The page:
CBM is extracted from Coal Seams in West Bengal. When new blocks become available at auction in this coal rich area, Modi has been quick to show interest in bidding on them. Initially, there was only one site in Bengal producing CBM. By July of 2009, there were 30 CBM wells up and running. GEECL were the first corporation on Indian soil, to investigate how to harvest, market, and distribute CBM. The company plans to have as many as 380 wells operational in Western Bengal in future.

When the farming operation began, the processes involved in extracting the CBM posed technical challenges. Over the years, the process has been refined and is now more efficient. The result was an extensive learning process. The expertise gained by the corporation throughout the learning experience, has been made into a book.

Prashant Modi – CNG pipeline production plans

Prashant Modi - HandshakeNew partnership by Prashant Modi

GEECL will be entering into a new partnership, Prashant Modi has announced, with Indian Oil Corporation. This decision has been made so that GEECL will be able to convert several of the existing petrol pumps, located on various Indian highways, to compressed natural gas stations.

Prashant Modi revealed his company’s plan to extend its current pipeline to the area of Calcutta, so as to keep up with the customer demand for compressed natural gas. GEECL were successful in their commissioning of the first natural gas pipeline, which now extends from the gas gathering station, to twelve kilometres away, at its central gathering station. This is the very first pipeline dedicated to distributing coal bed methane to businesses in India and will be a part of a fully integrated network which will consist of drilling wells, producing coal bed methane, compressing the gas and transporting it to GEECL customers around the Asansol city centre area.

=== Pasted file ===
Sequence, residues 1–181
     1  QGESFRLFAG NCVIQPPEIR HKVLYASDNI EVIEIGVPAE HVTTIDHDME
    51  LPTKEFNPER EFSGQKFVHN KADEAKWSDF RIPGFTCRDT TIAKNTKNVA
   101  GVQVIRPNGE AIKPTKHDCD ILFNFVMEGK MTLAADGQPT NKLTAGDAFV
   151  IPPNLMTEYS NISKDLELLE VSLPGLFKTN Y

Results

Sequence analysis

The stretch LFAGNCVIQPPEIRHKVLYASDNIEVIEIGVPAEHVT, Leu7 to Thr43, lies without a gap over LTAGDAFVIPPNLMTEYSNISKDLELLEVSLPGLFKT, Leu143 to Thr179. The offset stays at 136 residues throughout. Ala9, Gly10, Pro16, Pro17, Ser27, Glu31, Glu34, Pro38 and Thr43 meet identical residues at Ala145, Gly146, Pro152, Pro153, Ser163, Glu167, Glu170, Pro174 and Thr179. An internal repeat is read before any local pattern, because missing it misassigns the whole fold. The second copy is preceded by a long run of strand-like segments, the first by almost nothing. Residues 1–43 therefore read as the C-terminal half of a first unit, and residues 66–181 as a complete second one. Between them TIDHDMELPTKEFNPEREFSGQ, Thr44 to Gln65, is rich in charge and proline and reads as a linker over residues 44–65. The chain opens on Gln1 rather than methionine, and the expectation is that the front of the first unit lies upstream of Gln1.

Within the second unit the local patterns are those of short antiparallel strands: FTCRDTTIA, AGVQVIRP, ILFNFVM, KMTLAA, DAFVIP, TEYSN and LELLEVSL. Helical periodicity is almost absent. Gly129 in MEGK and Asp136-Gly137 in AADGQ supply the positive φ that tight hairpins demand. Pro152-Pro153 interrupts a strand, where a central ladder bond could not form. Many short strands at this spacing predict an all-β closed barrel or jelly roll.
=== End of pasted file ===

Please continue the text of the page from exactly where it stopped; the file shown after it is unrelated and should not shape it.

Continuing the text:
The twelve kilometre pipeline is now catering to the energy requirements of factories and plants around the Asansol area, and is also able to feed into other pipelines which connect to eastern Durgapur and western Kulti. Speaking of this, the president of GEECL, Prashant Modi expressed his ‘pride and delight’ at the way in which the CBM pipeline had developed. It is, Modi said, a significant milestone in the construction of compressed natural gas pipelines.

Although only the twelve kilometre gas pipeline is currently operational, the company have laid down the beginnings of further pipelines which span more than thirty kilometres, and will be able to connect over twenty wells to the central gas gathering station. On top of this, Prashant Modi explained, GEECL has also laid down steel ten kilometres of pipeline in Durgapur, and has now received permission from the National Highways Authority of India to lay pipes along fifty seven kilometres of coastline in the west of the country. Once completed and operational, these other pipelines will mean that almost every region in India will be able to easily access compressed natural gas and benefit from this affordable and clean source of fuel.